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The Shoko Kanazawa Story: Moving Documentary of a Remarkable Calligrapher 

From June 2: Film director Masaaki Miyazawa tells the story of the talented artist Shoko Kanazawa, who has Down syndrome and yet lives life on her own terms. 



Yasuko Kanazawa (L), Shoko Kanazawa (R) at the special event of Tomo ni Ikiru on May 9, 2023. (© JAPAN Forward)

Film director Masaaki Miyazawa has beautifully documented the life of his subject Shoko Kanazawa in a new documentary previewed on May 9. Tomo ni Ikiru, Shoka Kanazawa Shoko (共に生きる、書家金澤翔子) is a moving story of a talented young woman and her mother. Roughly translated as "Living Together: Calligrapher Shoko Kanazawa.," the documentary film is set to release in Japan on June 2. 

The documentary follows the story of calligrapher Shoko Kanazawa, who was diagnosed with Down syndrome shortly after birth. It depicts the inner turmoil faced by her mother Yasuko, and how the mother first taught Shoko calligraphy. Moreover, it does not shy away from the challenges they both faced along the way. 

Shoko is now recognized as a one-of-a-kind calligrapher and one of the prominent young talents in Japan. Together with holding countless exhibitions, she performs at important locations such as Nara's Todaiji temple. 

Her works include the calligraphy titled "Taira no Kiyomori," a TV historical drama series broadcasted on NHK in 2012. In October 2022, she became the iconic Tokyo Tower's first Cultural Ambassador

How did a mother raise a child with Down syndrome to become such a confident and talented calligrapher? And how did Shoko grow into someone who manages to stir the hearts and minds of people in unprecedented ways? 

The film brings together testimonies that show the challenges of an ordinary mother trying to raise her special child in a competitive society. And it highlights the many extraordinary ways in which they managed to connect with people in Japan and all over the world. 

The Moonlight Shoko Kanazawa Exhibit at Mori Arts Center Gallery in 2021. (© JAPAN Forward).

Touching People's Lives

At the preview event, director Masaaki Miyazawa explained his resolve to portray Shoko Kanazawa's story. 

"Before starting to write in calligraphy, Shoko sits down and prays. At that moment, it's as if the air stands still, she is purifying herself. I wanted to capture that beautiful moment, I think she has a lot to teach all of us," said Miyazawa.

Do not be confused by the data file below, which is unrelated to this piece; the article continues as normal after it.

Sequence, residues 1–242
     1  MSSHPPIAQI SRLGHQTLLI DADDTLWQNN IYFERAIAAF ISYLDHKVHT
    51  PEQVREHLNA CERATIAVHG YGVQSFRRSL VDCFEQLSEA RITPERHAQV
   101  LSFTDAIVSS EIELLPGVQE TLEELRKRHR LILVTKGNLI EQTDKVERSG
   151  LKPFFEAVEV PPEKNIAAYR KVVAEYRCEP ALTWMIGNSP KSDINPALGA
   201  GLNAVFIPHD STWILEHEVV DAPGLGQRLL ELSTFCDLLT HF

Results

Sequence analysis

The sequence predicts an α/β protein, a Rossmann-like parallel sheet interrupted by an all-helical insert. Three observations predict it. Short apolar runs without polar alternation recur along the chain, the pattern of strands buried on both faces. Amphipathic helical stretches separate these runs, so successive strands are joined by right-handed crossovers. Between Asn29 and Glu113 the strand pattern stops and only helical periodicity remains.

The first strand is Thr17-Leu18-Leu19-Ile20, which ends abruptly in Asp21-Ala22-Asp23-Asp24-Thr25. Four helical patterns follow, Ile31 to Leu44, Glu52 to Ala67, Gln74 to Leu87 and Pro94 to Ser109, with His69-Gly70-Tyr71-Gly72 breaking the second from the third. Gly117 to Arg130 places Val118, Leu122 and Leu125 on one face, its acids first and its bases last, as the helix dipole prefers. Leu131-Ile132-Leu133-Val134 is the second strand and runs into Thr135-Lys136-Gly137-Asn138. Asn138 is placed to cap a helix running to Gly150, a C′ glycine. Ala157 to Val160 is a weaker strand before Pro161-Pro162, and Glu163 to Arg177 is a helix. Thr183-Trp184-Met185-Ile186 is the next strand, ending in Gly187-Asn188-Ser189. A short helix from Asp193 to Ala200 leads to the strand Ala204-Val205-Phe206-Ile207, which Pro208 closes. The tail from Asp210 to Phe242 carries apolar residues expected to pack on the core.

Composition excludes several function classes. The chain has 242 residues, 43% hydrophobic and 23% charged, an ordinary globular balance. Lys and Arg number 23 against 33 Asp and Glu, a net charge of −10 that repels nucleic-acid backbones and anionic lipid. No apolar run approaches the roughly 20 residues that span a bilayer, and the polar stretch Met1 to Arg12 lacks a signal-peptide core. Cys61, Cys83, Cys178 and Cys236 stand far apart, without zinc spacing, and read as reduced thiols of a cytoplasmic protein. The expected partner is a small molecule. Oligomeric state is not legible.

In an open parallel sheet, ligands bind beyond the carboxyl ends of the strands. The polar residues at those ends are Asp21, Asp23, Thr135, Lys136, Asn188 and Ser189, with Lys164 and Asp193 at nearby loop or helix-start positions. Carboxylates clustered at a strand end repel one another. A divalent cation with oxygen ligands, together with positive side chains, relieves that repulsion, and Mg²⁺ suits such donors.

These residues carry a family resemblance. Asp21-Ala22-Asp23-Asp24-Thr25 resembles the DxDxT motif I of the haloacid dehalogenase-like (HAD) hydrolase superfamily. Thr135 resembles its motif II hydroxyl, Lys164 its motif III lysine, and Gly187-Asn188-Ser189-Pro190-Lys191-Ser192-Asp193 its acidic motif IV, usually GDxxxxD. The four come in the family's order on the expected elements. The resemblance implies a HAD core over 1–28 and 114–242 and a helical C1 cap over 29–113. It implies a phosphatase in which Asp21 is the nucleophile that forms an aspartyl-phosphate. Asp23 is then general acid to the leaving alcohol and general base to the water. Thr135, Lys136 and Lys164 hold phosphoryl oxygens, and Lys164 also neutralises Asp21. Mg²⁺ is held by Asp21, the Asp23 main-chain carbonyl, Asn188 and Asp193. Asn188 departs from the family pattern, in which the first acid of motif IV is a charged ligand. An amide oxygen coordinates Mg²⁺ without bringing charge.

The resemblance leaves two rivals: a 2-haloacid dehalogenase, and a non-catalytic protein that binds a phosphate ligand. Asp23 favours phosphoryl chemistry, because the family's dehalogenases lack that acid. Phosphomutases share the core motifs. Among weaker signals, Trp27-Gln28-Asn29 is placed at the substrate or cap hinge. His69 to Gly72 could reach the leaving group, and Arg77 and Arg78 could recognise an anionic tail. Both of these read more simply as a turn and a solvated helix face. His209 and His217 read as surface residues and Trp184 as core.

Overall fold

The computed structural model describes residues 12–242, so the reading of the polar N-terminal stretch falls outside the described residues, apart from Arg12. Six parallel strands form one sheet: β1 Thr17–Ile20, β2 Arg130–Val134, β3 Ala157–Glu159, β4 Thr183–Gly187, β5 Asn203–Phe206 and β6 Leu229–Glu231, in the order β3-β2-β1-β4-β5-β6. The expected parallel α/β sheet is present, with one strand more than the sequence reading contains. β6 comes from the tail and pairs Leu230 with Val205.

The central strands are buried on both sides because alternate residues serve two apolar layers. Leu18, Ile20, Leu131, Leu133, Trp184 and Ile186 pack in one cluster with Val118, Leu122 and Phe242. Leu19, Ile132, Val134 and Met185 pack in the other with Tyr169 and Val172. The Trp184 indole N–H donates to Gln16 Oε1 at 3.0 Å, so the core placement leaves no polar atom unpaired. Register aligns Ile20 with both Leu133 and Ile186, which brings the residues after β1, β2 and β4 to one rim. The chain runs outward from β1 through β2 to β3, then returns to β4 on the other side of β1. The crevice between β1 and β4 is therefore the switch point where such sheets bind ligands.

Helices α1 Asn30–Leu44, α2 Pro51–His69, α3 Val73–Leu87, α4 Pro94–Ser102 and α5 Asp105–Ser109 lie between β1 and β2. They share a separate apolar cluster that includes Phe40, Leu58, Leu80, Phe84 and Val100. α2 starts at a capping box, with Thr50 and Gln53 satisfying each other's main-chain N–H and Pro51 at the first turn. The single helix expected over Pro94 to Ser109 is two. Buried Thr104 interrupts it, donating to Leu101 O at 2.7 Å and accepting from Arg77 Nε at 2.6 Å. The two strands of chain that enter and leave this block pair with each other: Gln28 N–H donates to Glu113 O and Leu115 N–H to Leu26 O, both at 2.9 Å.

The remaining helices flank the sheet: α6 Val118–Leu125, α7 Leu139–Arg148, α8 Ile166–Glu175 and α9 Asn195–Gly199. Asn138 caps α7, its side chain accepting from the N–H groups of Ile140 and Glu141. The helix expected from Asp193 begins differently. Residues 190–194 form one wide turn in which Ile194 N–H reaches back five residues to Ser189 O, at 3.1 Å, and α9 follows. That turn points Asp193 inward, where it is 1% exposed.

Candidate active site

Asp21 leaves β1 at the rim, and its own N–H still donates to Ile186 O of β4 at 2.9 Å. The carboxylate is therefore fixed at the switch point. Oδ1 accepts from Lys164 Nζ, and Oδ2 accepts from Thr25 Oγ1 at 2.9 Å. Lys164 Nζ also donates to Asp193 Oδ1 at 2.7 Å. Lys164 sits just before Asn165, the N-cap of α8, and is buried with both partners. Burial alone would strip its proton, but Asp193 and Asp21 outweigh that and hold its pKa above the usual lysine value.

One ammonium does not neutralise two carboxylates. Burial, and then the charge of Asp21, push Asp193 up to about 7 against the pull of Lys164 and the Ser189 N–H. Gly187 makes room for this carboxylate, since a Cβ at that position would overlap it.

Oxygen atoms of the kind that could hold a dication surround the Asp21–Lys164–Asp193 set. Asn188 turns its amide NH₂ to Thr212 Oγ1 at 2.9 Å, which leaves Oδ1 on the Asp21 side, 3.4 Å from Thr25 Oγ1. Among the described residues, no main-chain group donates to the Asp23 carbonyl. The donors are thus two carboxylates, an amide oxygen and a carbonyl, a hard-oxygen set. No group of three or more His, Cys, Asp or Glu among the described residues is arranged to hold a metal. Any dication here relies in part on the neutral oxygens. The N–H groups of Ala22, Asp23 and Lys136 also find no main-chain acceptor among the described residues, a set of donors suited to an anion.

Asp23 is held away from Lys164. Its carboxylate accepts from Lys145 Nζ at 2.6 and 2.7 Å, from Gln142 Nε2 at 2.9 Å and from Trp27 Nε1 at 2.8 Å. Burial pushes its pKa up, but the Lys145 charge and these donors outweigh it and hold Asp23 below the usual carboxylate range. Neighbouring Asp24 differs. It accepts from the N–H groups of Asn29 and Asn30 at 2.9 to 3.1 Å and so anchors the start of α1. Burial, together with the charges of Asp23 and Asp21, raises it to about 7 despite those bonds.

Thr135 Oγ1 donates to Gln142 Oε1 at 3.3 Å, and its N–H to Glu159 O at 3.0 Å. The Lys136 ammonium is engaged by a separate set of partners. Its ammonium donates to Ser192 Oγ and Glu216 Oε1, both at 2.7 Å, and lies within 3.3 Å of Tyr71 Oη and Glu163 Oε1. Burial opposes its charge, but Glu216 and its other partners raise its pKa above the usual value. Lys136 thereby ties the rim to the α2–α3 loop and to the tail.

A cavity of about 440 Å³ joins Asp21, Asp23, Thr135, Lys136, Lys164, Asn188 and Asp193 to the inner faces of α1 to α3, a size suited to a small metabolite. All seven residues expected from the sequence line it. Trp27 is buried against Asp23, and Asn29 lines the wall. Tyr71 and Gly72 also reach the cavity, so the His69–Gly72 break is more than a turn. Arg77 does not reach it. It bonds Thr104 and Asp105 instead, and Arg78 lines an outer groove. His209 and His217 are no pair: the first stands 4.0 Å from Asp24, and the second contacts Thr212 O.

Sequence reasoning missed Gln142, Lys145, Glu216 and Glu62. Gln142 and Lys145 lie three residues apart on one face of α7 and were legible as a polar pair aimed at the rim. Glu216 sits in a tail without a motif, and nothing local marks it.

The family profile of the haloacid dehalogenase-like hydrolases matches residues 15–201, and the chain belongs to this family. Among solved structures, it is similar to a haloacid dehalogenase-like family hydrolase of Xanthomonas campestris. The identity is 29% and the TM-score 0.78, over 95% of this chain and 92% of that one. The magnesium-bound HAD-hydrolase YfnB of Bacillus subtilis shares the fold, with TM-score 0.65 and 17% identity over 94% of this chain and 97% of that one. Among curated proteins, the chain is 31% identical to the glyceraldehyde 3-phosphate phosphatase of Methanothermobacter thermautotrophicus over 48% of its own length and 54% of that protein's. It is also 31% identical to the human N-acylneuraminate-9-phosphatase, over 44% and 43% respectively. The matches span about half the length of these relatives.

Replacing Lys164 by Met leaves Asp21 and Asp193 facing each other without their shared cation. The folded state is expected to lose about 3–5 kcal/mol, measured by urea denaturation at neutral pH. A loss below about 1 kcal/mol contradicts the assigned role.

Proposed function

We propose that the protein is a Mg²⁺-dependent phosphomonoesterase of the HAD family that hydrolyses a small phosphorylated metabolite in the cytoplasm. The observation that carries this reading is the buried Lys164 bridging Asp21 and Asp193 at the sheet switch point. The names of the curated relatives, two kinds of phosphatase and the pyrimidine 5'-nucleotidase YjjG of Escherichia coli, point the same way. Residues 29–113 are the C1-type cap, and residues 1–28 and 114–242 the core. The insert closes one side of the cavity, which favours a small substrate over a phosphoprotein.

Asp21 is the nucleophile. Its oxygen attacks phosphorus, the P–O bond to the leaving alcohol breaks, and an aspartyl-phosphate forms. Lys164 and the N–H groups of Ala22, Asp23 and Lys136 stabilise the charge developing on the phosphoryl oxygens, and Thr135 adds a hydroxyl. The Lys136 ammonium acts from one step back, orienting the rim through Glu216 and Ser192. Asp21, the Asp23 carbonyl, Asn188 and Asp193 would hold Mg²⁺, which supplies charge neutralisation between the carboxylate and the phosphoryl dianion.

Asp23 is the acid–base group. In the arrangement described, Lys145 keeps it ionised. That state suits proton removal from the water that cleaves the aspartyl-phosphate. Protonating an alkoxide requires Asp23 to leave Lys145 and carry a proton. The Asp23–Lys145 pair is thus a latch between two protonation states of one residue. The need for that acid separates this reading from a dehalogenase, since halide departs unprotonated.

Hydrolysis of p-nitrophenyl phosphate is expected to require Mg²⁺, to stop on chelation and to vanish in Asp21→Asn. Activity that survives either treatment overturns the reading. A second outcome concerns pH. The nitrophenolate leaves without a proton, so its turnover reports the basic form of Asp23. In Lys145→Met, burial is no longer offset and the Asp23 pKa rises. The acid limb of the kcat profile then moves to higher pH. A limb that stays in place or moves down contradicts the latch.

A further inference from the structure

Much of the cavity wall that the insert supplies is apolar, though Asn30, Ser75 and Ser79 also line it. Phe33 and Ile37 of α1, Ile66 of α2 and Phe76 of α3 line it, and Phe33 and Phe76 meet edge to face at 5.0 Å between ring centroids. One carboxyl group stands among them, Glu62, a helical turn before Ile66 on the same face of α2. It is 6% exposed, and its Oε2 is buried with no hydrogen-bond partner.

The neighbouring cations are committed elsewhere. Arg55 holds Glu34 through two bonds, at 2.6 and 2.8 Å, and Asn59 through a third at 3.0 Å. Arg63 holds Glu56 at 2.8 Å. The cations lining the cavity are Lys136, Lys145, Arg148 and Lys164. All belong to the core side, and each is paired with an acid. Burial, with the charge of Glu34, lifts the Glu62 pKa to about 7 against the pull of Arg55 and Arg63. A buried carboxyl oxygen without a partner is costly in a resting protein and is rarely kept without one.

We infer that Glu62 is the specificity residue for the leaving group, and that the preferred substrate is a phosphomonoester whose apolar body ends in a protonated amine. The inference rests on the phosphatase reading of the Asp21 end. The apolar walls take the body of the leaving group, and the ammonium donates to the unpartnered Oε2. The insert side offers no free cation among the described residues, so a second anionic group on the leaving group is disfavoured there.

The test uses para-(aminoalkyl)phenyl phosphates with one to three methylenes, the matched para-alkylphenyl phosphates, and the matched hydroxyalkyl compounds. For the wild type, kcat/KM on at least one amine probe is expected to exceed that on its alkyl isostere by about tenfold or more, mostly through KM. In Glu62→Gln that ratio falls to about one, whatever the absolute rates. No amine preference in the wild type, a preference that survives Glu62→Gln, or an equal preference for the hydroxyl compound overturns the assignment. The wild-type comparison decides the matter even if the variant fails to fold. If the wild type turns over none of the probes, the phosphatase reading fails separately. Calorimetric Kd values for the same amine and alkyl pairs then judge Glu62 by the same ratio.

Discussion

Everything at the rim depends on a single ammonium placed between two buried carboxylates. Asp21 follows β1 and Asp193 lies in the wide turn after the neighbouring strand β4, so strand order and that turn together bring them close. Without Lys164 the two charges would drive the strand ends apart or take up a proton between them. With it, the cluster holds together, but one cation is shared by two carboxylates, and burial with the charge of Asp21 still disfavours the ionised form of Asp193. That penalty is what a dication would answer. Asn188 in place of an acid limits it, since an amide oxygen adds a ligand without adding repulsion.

In front of an audience of roughly 140 people, Shoko admitted that she prays to her father before starting to write. He passed away when she was still a young child. 

Then, with infectious energy and positivity, Shoko said "I would like to deliver to people a message of hope and happiness to everyone."

Seiko Noda (L), Yasuko Kanazawa (R) at the special event of Tomo ni Ikiru on May 9, 2023. (© JAPAN Forward)

Special Appearances

Japanese Parliamentarian and Cabinet Minister Seiko Noda appeared as a special guest. Sharing the fact that she has a 12-year-old son with special needs, she spoke of Yasuko Kanazawa as a role model for families everywhere who feel lost in that position. 

"Watching the way this super-mom [Yasuko] lived, somehow lifted a huge weight from my shoulders. I hope that many people, no matter what their families are going through, get to see this, and live life to the fullest!"

In addition, other testaments to Shoko's influence appear in the documentary. For example, Nakajin, from the music group SEKAI NO OWARI, makes an appearance. He practiced calligraphy with Shoko as a child. Fourth-generation calligrapher Taizan Yanagida also brings his perspective into the film.

Shoko Kanazawa (L) and Yasuko Kanazawa (R) work together on the JAPAN Forward's new year kanji of 2020 (© JAPAN Forward).

An Extraordinary Mother and Daughter Bond

Circumstances were not kind to the Kanazawa family. Yasuko lost her husband and her sister, two of Shoko's main caregivers, when her daughter was still very young.